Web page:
In the wake of this year’s Supreme Court decision in Dobbs overruling Roe v. Wade, sheriffs and bounty hunters in anti-abortion states will try to investigate and punish abortion seekers based on their internet browsing, private messaging, and phone app location data. We can expect similar tactics from officials in states that have prohibited transgender youths from obtaining gender-affirming health care. Indeed, the Texas governor ordered state child welfare officials to investigate such care as child abuse.
Many states are stepping forward to serve as health care sanctuaries for people seeking abortion or gender-affirming care that is not legal at home. These states must also be data sanctuaries. To be the safest refuge, a state that has data about people who sought abortion or gender-affirming health care must lock down that data, and not disclose it to adversaries who would use it to punish them for seeking that health care.
So it is great news that California Gov. Gavin Newsom recently signed three bills that will help meet these data privacy threats: A.B. 1242, authored by Asm. Rebecca Bauer-Kahan; A.B. 2091, authored by Asm. Mia Bonta; and S.B. 107, authored by Sen. Scott Wiener.
EFF supported all three bills. And we encourage other states to pass similar bills. They create new reproductive and trans health data exemptions from old information disclosure mandates. These laws also place new limits on how courts, government agencies, and businesses handle this data. (You can read here a more detailed explanation of these three new California laws; this post is a summary.)
New exemptions from old mandates. Many states require in-state entities to share data with out-of-state entities. States that respect the rights to abortion and gender-affirming health care must create new exemptions from these old laws, for out-of-state investigations of such health care. The new California bills do this to three old California laws that (1) require certain California digital service providers to treat out-of-state warrants like in-state warrants, (2) require California courts to assist in enforcing out-of-state judicial orders, and (3) require California health care providers to disclose certain kinds of medical information to certain kinds of entities.
New limits on judges. Under the new California laws, state judges cannot authorize wiretaps, pen registers, or search warrants, if they are for the purpose of investigating abortions that are legal in California. Also, state judges now cannot compel someone to identify a person who had an abortion, or issue a subpoena, in connection with an out-of-state investigation of an abortion that is legal in California.
New limits on state agencies. California’s state and local government agencies, including but not limited to law enforcement and prisons, are now barred from disclosing information to an individual or out-of-state agency regarding a person’s abortion or gender-affirming health care.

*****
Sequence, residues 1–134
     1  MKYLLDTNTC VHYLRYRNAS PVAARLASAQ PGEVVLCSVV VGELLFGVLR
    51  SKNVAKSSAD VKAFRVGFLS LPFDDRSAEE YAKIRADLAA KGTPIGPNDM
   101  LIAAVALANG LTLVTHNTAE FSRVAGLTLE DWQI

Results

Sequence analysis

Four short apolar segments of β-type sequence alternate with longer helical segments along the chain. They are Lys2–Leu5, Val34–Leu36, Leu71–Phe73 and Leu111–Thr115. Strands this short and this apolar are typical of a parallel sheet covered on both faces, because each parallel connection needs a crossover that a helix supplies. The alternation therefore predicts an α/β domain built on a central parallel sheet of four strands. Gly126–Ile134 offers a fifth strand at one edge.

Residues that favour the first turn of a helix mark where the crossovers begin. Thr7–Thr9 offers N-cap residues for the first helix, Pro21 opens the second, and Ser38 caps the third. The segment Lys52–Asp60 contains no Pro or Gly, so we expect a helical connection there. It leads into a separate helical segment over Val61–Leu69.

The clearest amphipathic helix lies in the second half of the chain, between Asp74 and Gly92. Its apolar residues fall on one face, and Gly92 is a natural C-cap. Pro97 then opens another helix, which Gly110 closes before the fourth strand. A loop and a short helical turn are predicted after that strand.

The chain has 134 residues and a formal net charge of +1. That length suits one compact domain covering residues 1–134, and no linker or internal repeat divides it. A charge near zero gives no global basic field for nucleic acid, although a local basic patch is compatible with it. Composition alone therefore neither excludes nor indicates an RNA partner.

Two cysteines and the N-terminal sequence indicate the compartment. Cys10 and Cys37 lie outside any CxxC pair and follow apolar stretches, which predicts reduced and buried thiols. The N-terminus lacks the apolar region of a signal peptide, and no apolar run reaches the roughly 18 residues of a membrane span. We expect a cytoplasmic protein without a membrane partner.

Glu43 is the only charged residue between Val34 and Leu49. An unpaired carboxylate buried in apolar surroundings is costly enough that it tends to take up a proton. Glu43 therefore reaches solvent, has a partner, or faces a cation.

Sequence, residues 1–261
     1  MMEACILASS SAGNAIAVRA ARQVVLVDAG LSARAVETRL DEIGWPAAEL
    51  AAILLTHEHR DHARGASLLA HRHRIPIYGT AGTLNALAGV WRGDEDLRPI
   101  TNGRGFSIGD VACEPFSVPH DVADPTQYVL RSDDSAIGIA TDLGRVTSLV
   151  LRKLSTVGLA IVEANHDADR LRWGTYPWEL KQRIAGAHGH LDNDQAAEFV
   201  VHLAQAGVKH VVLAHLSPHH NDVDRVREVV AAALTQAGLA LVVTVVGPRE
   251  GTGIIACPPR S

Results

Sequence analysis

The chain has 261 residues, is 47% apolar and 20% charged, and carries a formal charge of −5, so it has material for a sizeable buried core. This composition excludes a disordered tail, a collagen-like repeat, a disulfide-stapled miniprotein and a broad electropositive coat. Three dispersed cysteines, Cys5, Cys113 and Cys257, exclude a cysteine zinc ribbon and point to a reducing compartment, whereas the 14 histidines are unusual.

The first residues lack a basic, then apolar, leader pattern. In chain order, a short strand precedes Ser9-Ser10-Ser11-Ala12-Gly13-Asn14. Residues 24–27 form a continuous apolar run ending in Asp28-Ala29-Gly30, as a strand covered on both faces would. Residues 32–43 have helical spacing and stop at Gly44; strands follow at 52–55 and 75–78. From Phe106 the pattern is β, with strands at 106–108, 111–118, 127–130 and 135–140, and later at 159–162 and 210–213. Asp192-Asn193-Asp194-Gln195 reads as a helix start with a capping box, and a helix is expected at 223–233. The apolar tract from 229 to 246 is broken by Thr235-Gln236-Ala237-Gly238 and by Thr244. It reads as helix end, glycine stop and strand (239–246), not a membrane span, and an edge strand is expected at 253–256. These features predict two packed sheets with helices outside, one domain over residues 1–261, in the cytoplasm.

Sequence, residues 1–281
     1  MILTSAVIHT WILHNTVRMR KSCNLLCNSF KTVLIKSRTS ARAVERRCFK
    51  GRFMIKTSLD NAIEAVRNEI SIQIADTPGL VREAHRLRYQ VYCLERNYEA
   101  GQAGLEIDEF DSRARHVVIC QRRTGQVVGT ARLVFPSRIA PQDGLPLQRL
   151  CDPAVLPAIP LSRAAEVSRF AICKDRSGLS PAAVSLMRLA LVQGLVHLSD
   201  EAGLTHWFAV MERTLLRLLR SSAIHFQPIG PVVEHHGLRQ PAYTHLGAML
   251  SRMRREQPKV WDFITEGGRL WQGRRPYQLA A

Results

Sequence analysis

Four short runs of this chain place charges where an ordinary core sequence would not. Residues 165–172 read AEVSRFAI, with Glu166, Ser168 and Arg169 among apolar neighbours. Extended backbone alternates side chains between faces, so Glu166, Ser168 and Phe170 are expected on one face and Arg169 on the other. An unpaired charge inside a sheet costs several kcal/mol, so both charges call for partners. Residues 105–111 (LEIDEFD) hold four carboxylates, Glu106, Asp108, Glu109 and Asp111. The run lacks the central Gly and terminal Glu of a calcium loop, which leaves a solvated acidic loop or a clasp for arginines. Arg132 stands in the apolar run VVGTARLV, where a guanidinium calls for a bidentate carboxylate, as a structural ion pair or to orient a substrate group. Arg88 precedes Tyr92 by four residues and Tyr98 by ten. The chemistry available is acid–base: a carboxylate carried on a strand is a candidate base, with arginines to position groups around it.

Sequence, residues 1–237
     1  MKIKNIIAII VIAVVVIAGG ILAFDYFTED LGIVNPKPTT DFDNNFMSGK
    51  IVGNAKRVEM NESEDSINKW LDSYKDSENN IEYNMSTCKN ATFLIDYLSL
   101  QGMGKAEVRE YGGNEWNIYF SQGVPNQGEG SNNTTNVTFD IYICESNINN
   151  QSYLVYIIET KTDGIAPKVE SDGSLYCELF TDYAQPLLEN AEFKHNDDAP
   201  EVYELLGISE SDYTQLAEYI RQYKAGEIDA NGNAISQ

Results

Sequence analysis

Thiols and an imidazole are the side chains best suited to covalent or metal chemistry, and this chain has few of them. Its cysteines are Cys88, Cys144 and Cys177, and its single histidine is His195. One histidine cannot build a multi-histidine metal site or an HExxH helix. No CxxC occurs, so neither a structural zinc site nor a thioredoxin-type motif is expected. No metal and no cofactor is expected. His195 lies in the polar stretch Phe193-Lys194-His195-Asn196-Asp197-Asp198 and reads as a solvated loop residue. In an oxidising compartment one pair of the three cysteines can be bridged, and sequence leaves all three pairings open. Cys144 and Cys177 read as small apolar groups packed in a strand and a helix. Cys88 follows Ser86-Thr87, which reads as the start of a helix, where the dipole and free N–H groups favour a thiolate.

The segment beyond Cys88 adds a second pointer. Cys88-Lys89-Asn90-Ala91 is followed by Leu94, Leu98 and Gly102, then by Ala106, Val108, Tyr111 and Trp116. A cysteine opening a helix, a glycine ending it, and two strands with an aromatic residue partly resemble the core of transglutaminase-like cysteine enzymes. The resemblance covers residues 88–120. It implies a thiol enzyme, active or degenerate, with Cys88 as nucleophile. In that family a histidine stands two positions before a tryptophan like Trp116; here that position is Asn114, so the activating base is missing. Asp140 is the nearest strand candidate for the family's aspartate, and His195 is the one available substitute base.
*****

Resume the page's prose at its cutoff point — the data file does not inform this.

New limits on communication services. There is a new rule for California corporations, and corporations with principal offices in California, that provide electronic communication services. They shall not, in California, provide information or assistance in response to out-of-state court orders concerning abortions that are legal in California. However, such a corporation is not subject to liability unless it knew or should have known that the court order in question related to such an abortion.
Three cheers for California! These new data sanctuary laws are strong protections for people seeking abortion and transgender health care. Other pro-choice and pro-trans states should enact similar laws.
But more work remains.
Anti-abortion and anti-trans sheriffs will continue to seek information located in the Golden State. California lawmakers must enact new laws as needed. For example, they may need to add new exemptions to an old law that authorizes state courts to command residents to travel out-of-state to testify in criminal proceedings. Eternal vigilance is the price of data sanctuary. States should also be data sanctuaries for immigrants.
Also, Congress and the states must enact comprehensive consumer data privacy legislation that limits how businesses collect, retain, use, and share our data. A great way to stop anti-choice and anti-trans sheriffs from seizing data from businesses is to stop these businesses from collecting and retaining this data in the first place. Legislators should start with Rep. Jacobs’ My Body, My Data bill.
Finally, Congress and the states must limit how law enforcement agencies obtain our data from businesses. For example, police across the country are using “reverse search warrants” to identify all people who used particular keywords in their web searches, and all people who were physically present at a particular geolocation. These schemes violate the Fourth Amendment. Legislators must ban them. New York State legislators tried to do so last year. Anti-abortion sheriffs might use them to identify all people who searched the web for “abortion pill,” or who visited an abortion clinic. Likewise, police across the country are buying detailed location data, often without a warrant, from data brokers who got it from our phone apps. This also violates the Fourth Amendment. Legislators should ban it, too.
This article is part of our Year in Review series. Read other articles about the fight for digital rights in 2022.